Please use this identifier to cite or link to this item: http://hdl.handle.net/20.500.12136/1825
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dc.contributor.authorMusso, Fabio-
dc.contributor.authorCuétara, José Manuel de la-
dc.contributor.authorBruner, Emiliano-
dc.date.accessioned2020-04-
dc.date.accessioned2020-04-17T10:54:46Z-
dc.date.issued2011-
dc.identifier.citation80th Annual Meeting of the American Association of Physical Anthropologists, 2011, p. 221-222es_ES
dc.identifier.urihttp://hdl.handle.net/20.500.12136/1825-
dc.descriptionPonencia presentada en: 80th Annual Meeting of the American Association of Physical Anthropologists: Minneapolis, Minnesota, USA, 12-16 april, 2011es_ES
dc.description.abstractBrain evolution in the human genus is associated with a definite increase in metabolic expenditure. Currently, there is no agreement on the existence of specific cooling mechanisms in Homo sapiens to balance the heat production related to such high metabolic rates. At the same time there is little information on the thermoregulatory biology of the brain mass in our own species. Cortical and meningeal vessels have been hypothesised to have a functional role in this sense, as suggested by anatomical differences among fossil hominids. Here, we present a model to analyze heat dispersion on fossil endocasts, as function of brain geometry and basic physical properties associated with heat conduction. Combining digital imaging and numerical integration techniques, we used the heat equation to quantify heat dynamics on the surface of fossil endocasts, dividing the space in a three dimensional cubic lattice. After CT-based endocasts reconstruction and voxel-based 3D model rendering, we find numerically the stationary heat distribution on the regular lattice defined by the voxels. Although this study rely only on raw geometry without considering further anatomical or histological elements, some differences between modern humans, Neandertals, and Australopithecines merits attention. Advantages and limits of the method are discussed accordingly.es_ES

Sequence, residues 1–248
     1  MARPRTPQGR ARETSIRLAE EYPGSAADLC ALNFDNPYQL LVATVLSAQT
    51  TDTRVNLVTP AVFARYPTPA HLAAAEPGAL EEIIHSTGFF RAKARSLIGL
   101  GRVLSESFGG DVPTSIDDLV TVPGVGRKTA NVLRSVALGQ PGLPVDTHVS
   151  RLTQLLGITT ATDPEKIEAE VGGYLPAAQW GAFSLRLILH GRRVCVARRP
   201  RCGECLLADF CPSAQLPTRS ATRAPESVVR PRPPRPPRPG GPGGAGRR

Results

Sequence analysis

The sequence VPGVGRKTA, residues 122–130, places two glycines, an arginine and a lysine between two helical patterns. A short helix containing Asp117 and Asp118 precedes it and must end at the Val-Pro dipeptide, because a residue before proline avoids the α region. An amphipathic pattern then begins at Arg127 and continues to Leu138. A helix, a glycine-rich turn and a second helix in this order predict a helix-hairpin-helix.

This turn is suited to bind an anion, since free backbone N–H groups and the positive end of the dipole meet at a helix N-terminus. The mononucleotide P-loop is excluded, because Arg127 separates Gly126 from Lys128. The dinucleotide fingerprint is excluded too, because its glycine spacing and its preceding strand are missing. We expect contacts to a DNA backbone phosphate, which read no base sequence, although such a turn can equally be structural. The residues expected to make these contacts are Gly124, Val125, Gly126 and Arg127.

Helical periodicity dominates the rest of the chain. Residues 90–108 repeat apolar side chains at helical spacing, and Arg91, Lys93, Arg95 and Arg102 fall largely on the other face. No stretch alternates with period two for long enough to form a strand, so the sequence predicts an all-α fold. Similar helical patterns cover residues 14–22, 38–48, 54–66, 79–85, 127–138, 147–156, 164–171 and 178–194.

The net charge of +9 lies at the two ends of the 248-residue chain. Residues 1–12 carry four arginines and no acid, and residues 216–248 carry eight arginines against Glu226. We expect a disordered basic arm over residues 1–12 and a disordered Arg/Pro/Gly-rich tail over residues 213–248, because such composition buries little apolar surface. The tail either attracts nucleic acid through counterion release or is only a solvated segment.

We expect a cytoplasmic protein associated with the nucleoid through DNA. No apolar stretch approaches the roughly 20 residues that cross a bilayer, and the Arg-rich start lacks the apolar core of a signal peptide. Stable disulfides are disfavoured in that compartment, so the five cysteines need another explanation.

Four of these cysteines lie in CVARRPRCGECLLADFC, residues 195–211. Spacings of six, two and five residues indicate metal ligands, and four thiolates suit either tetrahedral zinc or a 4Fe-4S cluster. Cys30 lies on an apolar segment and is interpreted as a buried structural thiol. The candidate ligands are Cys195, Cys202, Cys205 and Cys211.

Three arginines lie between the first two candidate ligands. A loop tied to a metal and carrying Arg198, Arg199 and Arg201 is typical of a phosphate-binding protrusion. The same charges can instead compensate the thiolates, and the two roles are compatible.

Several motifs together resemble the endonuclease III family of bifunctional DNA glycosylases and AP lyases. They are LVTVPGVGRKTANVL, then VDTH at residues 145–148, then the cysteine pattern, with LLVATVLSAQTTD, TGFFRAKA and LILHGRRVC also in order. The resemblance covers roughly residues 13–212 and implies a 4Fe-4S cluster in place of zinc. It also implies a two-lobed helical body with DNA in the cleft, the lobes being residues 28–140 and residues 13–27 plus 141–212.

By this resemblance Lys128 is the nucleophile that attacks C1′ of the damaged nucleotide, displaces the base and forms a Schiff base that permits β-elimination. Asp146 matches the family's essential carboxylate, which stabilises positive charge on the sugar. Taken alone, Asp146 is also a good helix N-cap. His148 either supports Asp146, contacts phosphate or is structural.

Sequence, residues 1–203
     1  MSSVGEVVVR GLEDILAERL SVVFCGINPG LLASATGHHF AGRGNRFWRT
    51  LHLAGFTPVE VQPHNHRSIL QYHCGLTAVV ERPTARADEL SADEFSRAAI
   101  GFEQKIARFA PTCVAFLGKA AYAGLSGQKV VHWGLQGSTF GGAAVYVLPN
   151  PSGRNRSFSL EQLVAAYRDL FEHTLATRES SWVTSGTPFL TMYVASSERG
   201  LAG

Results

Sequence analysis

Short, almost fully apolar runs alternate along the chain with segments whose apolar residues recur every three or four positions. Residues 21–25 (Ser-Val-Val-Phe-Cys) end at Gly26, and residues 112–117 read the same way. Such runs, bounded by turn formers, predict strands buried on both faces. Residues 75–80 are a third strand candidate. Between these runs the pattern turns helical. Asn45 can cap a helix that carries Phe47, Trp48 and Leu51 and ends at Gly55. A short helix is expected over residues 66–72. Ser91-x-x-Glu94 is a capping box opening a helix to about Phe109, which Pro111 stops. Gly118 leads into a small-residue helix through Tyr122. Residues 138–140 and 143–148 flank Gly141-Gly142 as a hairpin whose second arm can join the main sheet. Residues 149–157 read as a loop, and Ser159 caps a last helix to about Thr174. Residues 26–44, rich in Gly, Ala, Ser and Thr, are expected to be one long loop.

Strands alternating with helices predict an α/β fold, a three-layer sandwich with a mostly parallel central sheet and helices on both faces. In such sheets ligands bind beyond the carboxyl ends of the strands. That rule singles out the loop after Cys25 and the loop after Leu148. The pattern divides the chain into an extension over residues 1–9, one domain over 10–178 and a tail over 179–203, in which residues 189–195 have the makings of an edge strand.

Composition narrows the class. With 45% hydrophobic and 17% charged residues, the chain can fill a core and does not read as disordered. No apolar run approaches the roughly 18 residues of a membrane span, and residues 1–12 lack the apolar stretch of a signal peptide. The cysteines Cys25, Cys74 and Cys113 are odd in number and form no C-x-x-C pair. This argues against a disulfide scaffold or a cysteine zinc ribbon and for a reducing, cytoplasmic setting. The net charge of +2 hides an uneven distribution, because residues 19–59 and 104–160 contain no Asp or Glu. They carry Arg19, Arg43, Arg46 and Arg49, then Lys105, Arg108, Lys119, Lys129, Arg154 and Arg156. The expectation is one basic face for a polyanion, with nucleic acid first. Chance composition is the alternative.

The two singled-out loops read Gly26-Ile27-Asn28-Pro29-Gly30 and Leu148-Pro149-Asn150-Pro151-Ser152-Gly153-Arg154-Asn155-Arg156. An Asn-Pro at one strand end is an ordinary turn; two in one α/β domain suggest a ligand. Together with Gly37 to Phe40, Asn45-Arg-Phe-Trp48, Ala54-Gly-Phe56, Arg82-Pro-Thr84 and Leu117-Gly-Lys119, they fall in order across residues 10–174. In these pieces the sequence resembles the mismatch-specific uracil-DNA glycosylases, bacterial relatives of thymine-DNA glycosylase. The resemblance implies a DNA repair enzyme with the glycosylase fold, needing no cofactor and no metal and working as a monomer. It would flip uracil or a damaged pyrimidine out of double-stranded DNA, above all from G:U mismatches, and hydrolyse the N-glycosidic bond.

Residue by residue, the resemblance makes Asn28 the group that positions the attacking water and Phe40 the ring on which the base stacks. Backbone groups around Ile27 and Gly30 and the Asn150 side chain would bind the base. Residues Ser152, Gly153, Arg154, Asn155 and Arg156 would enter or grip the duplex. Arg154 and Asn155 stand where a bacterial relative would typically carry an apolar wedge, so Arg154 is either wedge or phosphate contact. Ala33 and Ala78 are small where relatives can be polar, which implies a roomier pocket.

dc.description.sponsorshipThis study was funded by the Program GR. 249, Junta de Castilla y León (Spain), by the Project CGL2009-12703-C03-01 Ministero de Ciencia e Innovación (Spain), and by the Fundación Duques de Soria.es_ES
dc.language.isoenes_ES
dc.publisherAmerican Association of Physical Anthropologistses_ES
dc.rightsinfo:eu-repo/semantics/openAccesses_ES
dc.title3D modelling to analyze heat dissipation on fossil endocastses_ES
dc.typePresentationes_ES
dc.typeOtheres_ES
dc.date.available2020-04-17T10:54:46Z-
Appears in Collections:Congresos, encuentros científicos y estancias de investigación

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